The Equal Opportunities Commission is launching an investigation into discrimination against pregnant women at work.
A new report shows increasing evidence that women are being sacked, docked pay or demoted by unenlightened employers - just for being pregnant. It follows a flurry of complaints from women, many of which have ended up being successfully pursued in employment tribunals. The EOC's helpline receives more calls on this than any other issue, with 2,000 calls on pregnancy discrimination in 2001.
The EOC investigation is being carried out with the full backing of the Government.
Patricia Hewitt, the women's minister and Secretary of State for Trade and Industry, has warned the report will clamp down on "Victorian management practices" and "introduce employers like this to the facts of life in the 21st century".
The EOC is concerned that many employers remained prejudiced against pregnant women, despite it being illegal to dismiss someone for maternity-related issues.
While they might not have lost their jobs, some women have reported their promotion chances suffering, changes being made to their salaries, being more likely to be criticised or face disciplinary action, as well as being subject to unhelpful alterations to their shift patterns. Others, returning to work after having a baby, found they struggled to regain their pre-maternity employment status.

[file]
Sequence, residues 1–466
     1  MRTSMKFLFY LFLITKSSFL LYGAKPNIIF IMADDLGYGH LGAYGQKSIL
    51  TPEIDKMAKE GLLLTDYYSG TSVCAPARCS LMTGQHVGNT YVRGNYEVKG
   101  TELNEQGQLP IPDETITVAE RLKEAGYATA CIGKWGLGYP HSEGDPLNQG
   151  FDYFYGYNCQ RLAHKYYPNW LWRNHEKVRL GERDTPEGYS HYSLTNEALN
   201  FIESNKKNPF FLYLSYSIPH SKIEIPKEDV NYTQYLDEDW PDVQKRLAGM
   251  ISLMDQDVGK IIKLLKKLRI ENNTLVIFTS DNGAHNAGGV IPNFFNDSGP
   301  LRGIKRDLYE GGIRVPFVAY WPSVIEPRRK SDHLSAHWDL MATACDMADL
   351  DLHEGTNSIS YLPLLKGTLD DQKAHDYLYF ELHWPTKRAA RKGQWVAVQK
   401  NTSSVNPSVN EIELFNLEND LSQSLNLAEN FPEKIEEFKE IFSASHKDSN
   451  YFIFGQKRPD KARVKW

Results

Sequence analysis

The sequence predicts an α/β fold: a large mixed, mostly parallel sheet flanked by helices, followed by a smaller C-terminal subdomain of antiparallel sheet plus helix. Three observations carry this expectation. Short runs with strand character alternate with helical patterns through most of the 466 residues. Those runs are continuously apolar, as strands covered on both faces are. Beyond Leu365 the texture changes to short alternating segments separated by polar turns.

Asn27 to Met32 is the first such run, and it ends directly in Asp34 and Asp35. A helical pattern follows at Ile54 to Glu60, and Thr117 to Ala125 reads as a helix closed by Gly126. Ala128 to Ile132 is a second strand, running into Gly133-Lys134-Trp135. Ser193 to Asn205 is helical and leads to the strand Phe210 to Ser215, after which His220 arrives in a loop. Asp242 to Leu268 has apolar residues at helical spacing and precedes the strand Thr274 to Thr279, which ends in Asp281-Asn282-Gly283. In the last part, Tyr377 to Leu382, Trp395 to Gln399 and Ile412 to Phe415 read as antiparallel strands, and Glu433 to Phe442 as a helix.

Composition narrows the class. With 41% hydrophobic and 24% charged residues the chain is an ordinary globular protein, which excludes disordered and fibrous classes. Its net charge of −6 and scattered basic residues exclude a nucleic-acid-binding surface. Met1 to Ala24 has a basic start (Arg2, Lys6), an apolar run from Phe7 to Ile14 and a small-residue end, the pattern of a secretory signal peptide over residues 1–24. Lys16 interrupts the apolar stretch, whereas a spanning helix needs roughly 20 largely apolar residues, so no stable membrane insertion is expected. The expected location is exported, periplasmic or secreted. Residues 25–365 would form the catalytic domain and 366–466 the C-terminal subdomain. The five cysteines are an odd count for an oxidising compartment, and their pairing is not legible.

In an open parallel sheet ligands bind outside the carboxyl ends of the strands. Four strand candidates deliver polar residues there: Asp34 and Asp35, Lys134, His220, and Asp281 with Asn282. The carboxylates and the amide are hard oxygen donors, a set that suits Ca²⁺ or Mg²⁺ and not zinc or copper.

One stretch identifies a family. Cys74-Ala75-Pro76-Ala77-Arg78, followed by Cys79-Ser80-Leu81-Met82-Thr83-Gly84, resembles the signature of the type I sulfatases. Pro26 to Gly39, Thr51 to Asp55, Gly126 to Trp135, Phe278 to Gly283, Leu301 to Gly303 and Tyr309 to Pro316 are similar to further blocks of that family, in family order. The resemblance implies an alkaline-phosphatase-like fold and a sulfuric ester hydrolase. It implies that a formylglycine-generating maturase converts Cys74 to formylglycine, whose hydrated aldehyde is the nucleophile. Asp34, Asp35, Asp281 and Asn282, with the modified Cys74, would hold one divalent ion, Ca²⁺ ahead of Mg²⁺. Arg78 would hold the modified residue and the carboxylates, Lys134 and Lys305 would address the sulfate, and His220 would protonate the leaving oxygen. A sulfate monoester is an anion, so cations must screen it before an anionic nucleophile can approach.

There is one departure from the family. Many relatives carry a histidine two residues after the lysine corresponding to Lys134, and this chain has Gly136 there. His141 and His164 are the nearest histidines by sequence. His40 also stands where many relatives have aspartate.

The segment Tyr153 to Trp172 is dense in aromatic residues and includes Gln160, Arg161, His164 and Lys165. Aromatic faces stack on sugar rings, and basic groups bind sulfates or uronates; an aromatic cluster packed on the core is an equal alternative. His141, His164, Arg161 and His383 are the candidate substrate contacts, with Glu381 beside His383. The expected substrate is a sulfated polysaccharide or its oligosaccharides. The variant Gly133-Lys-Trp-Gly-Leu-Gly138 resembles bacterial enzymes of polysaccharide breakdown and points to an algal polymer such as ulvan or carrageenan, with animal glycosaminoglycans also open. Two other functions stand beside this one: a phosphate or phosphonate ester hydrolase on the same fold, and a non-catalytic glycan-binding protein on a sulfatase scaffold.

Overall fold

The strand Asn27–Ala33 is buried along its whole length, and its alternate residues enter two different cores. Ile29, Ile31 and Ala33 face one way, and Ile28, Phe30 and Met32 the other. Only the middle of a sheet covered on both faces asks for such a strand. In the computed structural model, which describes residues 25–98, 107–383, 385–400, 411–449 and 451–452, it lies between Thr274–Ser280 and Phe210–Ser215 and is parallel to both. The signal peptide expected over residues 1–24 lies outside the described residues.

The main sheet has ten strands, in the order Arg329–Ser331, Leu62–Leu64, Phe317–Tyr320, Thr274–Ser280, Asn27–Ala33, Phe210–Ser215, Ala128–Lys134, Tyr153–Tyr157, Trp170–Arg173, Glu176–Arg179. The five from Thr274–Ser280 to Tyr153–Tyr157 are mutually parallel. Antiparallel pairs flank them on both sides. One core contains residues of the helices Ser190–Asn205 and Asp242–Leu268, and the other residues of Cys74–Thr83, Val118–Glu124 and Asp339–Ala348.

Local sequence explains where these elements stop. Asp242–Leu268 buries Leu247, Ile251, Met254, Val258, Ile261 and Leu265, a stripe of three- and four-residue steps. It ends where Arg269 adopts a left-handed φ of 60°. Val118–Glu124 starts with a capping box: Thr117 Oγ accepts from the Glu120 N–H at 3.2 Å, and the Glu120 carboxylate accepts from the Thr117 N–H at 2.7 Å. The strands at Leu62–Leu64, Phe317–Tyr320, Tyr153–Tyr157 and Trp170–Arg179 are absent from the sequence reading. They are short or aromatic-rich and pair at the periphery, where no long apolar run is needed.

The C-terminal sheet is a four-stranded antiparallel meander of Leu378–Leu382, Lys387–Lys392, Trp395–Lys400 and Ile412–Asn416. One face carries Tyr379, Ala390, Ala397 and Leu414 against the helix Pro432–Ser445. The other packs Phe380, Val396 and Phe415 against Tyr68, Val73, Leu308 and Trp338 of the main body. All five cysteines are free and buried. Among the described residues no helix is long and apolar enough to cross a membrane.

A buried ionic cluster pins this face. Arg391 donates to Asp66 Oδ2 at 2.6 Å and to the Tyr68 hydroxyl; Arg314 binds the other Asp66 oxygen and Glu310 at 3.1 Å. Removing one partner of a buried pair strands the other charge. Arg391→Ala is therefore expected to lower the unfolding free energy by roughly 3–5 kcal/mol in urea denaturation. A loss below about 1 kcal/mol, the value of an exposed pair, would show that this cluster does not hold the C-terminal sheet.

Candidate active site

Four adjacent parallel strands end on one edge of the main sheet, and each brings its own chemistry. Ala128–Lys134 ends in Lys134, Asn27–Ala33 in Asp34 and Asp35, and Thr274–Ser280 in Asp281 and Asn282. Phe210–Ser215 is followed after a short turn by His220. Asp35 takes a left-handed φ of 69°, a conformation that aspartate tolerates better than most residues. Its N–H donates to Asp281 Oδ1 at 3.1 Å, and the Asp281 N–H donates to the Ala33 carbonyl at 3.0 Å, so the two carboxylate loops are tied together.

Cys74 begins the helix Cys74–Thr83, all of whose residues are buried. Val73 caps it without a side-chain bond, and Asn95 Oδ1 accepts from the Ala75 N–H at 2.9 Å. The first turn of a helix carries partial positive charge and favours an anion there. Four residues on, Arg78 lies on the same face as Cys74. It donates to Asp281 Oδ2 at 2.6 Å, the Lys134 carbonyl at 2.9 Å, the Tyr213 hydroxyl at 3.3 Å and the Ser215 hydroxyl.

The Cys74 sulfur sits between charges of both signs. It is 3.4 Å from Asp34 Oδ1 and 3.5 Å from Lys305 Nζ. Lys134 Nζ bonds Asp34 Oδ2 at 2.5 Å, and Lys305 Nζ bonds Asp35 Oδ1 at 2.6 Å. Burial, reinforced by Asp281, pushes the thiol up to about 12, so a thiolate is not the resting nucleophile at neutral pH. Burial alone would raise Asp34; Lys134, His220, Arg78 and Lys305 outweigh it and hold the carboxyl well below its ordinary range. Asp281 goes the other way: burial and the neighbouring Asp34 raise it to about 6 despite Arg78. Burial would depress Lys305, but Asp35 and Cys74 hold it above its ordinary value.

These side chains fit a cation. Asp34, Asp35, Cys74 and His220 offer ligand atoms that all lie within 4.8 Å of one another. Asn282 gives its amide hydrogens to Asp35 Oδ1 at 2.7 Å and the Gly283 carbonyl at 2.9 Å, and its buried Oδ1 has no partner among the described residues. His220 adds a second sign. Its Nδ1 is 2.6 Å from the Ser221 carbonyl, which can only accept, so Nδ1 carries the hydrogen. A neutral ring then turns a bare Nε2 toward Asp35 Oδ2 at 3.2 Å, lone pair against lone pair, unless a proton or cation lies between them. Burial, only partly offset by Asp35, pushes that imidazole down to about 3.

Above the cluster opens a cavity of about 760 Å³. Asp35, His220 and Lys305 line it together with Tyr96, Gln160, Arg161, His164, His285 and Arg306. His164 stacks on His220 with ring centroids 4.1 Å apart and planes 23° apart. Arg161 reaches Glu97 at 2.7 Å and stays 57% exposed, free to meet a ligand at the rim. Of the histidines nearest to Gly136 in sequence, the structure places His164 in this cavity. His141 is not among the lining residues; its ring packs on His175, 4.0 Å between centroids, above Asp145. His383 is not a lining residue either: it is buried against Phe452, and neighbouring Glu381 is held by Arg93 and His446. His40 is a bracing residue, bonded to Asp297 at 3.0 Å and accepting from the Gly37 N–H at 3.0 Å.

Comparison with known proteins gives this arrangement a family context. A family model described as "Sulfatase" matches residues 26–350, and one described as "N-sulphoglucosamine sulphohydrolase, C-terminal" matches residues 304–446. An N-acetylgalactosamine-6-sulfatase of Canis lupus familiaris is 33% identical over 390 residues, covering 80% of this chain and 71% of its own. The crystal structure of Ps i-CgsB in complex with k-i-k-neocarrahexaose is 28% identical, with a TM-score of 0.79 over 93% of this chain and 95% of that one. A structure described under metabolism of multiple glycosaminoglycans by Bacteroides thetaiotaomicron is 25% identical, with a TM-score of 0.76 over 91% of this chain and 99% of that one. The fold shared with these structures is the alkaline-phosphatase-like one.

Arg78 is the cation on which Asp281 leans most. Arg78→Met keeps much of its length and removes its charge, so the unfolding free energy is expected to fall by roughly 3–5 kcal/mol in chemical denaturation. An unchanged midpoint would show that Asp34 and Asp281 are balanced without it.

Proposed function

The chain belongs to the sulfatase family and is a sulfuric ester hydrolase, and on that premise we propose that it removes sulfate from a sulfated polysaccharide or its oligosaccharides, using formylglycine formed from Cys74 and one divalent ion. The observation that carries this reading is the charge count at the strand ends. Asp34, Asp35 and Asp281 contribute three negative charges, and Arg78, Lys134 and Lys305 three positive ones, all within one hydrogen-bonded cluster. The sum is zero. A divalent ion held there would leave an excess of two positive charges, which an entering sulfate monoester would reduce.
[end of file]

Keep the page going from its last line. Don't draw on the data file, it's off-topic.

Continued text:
Ministers and campaigners believe such actions by employers seriously undermine attempts to bring in family-friendly working practices in the UK. The EOC report is launched tomorrow at the start of National Pregnancy Week. The organiser, the baby charity Tommy's, has also drawn up a list of approved companies, which have put in place policies to make sure women are not discriminated against.
One woman who experienced discrimination while pregnant was Tania Sullivan, 28, from Gillingham, Kent. She went on to sue her employer, Sutton-based Ambition Recruitment, winning £2,500 damages in June.
Mrs Sullivan, a mother of four, pursued legal proceedings after Ambition refused to alter her shifts while she was heavily pregnant. Struggling to look after three young children and with an 80-mile round trip to work each day, she was forced to take a week off through stress-related illness.
After repeated letters, Ambition's sales director, Bob Stiff, refused Mrs Sullivan's request for fewer hours, despite the fact that other staff, including seven men, were allowed to change theirs. Afraid of losing her job, Mrs Sullivan was forced to work on between 6pm and 11pm every day until she was entitled to go on maternity leave.
"The only help they offered me at work was an empty cardboard box to put my feet on," Mrs Sullivan said. "I felt bullied and pushed out. I think because they couldn't fire me they just tried to make it as difficult as possible."
Aisling Sykes, 42, was sacked from her position as a vice president at City bank JP Morgan shortly after becoming pregnant with her fourth child. She won £12,000 compensation three years ago for unfair dismissal.
"I was prepared to work the hours. Even my boss described me as intelligent and motivated," Mrs Sykes said. "I just wanted a bit of flexibility, some leeway, to see my children in the midst of it."
Mrs Sykes had asked to be allowed to work from home in the evenings so she could spend more time with her young family. The industrial tribunal heard that her employers had argued the request was similar to wanting time off to play squash. But while the tribunal ruled that she had been unfairly dismissed, it found she had not suffered unlawful indirect sex discrimination.Reuse content